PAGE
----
MARIANNE ROGERSON reveals the best ways to spend three days in Singapore
There is so much to do in Singapore with kids that trying to narrow it down into three days can be tricky. If you have small kids, you might need to slow it down a little, and if you have the time you could easily (and should) stretch this into a four or even five-day itinerary, and allow yourselves some downtime at your hotel pool, because as we all know Singapore is hot, hot, hot!
DAY 1 – Singapore Zoo, Chinatown and the Colonial District
Visit the Singapore Zoo in the morning, and take in a bit of Singapore culture by visiting Chinatown and the Colonial District.
Morning – Singapore Zoo
Forget another boring hotel breakfast buffet – this morning have breakfast with the orangutans at Singapore Zoo! Singapore Zoo is awesome, and highly regarded as one of the best zoos in the world. There is an enormous amount to take in here – 2,530 animals from 315 species are housed within the 28 hectares. However, if you get to the zoo for opening time and have breakfast with the orangutans, you should still have time to see most of the animals, and even have a quick cool-off play in the Rainforest Kidzworld waterpark before heading back to town for lunch.
Lunchtime – Dim Sum
Grab a taxi from the zoo and get them to drop you in Chinatown for lunch. Chinatown is a bustling and fun part of town, and Yum Cha is a great choice for a kid-friendly restaurant here, to enjoy a dim sum feast in an authentic setting. Tucked away at the top of a hidden staircase, this popular restaurant packs in local families and passing tourists, creating a buzzing and convivial atmosphere.
Afternoon – Chinatown and a River Cruise
You are now ideally located to explore Chinatown and introduce your kids to a bit of Singapore culture. Wander the streets to admire the beautifully preserved heritage shophouses (see the Chinatown walking tour), and shop for souvenirs amongst the street stalls and tiny boutiques on Pagoda St. Call in at the Chinatown Heritage Centre to take a journey through the lives of the Chinese immigrants who flooded into Singapore throughout the 19th century, or visit the Buddha Tooth Relic Temple and Museum to learn about the life and teachings of Buddha.
Don’t miss a visit to the wet market in the basement of the Chinatown Complex to see where the locals shop for their fresh fruit, vegetables, meat, spices and seafood. Keep an eye out for the buckets of live frogs, eels and turtles for sale!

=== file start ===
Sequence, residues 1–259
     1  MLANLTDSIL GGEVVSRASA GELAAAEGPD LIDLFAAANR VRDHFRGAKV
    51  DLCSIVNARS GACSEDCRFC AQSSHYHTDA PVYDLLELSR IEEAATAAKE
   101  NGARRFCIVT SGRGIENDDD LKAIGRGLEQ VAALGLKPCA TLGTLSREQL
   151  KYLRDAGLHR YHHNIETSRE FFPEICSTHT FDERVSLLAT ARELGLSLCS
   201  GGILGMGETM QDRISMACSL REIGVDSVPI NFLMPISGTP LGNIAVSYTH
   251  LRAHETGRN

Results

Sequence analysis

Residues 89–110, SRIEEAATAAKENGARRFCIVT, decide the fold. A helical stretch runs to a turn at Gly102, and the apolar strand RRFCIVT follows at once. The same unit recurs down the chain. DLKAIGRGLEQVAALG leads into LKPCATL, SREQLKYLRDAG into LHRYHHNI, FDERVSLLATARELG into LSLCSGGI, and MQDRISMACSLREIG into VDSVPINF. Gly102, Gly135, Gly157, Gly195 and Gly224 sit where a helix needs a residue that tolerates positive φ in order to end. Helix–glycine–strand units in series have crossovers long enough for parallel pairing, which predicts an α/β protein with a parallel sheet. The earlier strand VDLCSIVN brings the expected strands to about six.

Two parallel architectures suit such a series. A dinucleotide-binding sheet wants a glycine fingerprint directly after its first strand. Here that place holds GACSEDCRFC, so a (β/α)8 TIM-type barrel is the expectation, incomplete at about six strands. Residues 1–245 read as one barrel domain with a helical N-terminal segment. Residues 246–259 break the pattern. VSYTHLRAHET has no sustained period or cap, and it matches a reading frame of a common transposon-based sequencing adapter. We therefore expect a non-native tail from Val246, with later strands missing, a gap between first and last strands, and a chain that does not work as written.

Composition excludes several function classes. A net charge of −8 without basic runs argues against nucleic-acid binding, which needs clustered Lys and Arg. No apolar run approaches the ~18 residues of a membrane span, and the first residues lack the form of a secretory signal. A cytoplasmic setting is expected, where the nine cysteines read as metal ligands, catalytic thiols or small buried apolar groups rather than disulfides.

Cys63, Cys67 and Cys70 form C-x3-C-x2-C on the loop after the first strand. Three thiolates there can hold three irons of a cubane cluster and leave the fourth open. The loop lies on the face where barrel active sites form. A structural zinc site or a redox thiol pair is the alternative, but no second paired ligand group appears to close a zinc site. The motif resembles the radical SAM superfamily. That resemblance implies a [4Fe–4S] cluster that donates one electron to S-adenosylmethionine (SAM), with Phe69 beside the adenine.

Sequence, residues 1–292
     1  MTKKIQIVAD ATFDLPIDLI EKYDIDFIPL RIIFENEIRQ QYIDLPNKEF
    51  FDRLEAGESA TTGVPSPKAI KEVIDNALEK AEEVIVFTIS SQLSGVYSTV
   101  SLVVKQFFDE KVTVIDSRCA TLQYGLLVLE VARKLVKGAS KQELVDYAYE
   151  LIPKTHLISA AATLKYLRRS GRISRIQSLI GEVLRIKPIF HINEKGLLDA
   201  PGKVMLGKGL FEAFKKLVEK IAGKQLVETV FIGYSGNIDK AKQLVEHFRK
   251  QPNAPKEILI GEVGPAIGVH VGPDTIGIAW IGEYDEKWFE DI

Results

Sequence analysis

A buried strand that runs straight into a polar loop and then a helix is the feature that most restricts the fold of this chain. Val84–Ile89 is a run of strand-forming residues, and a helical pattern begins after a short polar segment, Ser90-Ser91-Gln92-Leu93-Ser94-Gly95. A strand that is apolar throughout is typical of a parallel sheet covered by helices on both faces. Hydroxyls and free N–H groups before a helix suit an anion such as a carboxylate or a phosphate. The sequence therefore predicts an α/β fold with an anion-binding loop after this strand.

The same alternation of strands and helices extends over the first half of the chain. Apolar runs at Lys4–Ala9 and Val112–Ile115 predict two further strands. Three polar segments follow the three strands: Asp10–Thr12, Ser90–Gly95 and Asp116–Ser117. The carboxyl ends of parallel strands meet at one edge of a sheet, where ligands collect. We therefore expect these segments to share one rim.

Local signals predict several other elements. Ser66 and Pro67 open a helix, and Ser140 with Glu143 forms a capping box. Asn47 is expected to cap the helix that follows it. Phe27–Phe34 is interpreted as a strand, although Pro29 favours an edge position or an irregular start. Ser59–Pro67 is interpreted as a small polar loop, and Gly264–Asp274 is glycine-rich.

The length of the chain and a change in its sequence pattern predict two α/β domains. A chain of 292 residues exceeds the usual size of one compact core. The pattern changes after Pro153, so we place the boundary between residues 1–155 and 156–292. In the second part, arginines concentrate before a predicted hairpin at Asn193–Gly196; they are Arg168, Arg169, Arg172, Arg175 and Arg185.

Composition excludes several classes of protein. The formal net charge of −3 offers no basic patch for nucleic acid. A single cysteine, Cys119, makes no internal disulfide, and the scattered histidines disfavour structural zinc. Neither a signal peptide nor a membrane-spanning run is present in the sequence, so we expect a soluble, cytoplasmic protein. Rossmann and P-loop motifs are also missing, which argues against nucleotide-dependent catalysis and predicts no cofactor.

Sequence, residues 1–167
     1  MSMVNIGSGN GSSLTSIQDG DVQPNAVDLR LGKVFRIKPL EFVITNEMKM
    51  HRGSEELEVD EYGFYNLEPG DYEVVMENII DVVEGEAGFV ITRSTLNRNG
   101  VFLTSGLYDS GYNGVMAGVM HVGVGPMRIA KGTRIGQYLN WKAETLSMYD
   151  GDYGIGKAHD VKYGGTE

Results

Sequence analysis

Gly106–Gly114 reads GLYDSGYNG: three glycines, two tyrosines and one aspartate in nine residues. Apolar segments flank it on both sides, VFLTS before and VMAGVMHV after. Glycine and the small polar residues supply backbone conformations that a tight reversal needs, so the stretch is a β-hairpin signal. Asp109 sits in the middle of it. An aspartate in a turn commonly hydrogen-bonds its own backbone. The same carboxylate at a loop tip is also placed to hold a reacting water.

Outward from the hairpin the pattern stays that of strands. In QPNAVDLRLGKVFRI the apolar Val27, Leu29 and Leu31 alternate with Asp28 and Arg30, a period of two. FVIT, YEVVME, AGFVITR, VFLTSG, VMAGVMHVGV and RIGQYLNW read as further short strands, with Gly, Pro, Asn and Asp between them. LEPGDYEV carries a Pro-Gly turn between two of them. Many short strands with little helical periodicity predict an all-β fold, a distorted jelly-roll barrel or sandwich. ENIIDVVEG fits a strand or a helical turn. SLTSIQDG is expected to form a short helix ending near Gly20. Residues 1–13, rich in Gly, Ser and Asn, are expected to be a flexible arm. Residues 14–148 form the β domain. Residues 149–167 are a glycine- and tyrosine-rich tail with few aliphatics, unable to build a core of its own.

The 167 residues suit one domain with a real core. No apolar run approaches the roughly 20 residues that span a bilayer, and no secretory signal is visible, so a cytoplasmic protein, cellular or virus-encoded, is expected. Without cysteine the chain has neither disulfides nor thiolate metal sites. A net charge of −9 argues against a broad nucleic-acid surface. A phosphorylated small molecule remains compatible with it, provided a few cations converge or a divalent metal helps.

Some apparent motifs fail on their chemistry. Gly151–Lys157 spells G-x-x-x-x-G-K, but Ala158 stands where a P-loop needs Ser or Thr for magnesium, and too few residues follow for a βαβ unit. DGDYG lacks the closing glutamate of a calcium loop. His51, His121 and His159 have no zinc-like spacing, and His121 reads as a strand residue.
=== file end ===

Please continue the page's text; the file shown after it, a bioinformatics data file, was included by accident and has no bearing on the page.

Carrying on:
You should now have time to squeeze in a quick river cruise. The best place to pick up the boat is Merlion Park, and over a relaxing 40-minutes you will get to take in the sights of Singapore’s Colonial District, Marina Bay and Central Business District.
Dinner – local street food
You can’t visit Singapore without enjoying a meal in a Hawker Centre – the city’s version of street food. There are Hawker Centres all over Singapore, but two of our favourites are Lau Pa Sat and Makansutra Gluttons Bay – both are within easy reach of Singapore River.
DAY 2 – Sentosa Island
The second day of our itinerary is all about Sentosa Island – Singapore’s ‘playground’ and home to many of Singapore’s best family-friendly attractions.
Morning – Universal Studios
Southeast Asia’s only Universal Studios theme park, at Resorts World Sentosa, is a super fun family day out with movie-themed rollercoasters, rides and attractions. Highlights include the Shrek 4-D Adventure, Madagascar: a Crate Adventure, Transformers The Ride – a hyper-realistic 3D thrill ride, and Battlestar Galactica – the world’s tallest duelling roller coaster ride. Book your tickets online, arrive early and make sure you get the Universal Express Pass, and you can be done by lunchtime. Read all our tips for making the most of your visit in the Tips for Universal Studios chapter.
Lunchtime – noodles and dumplings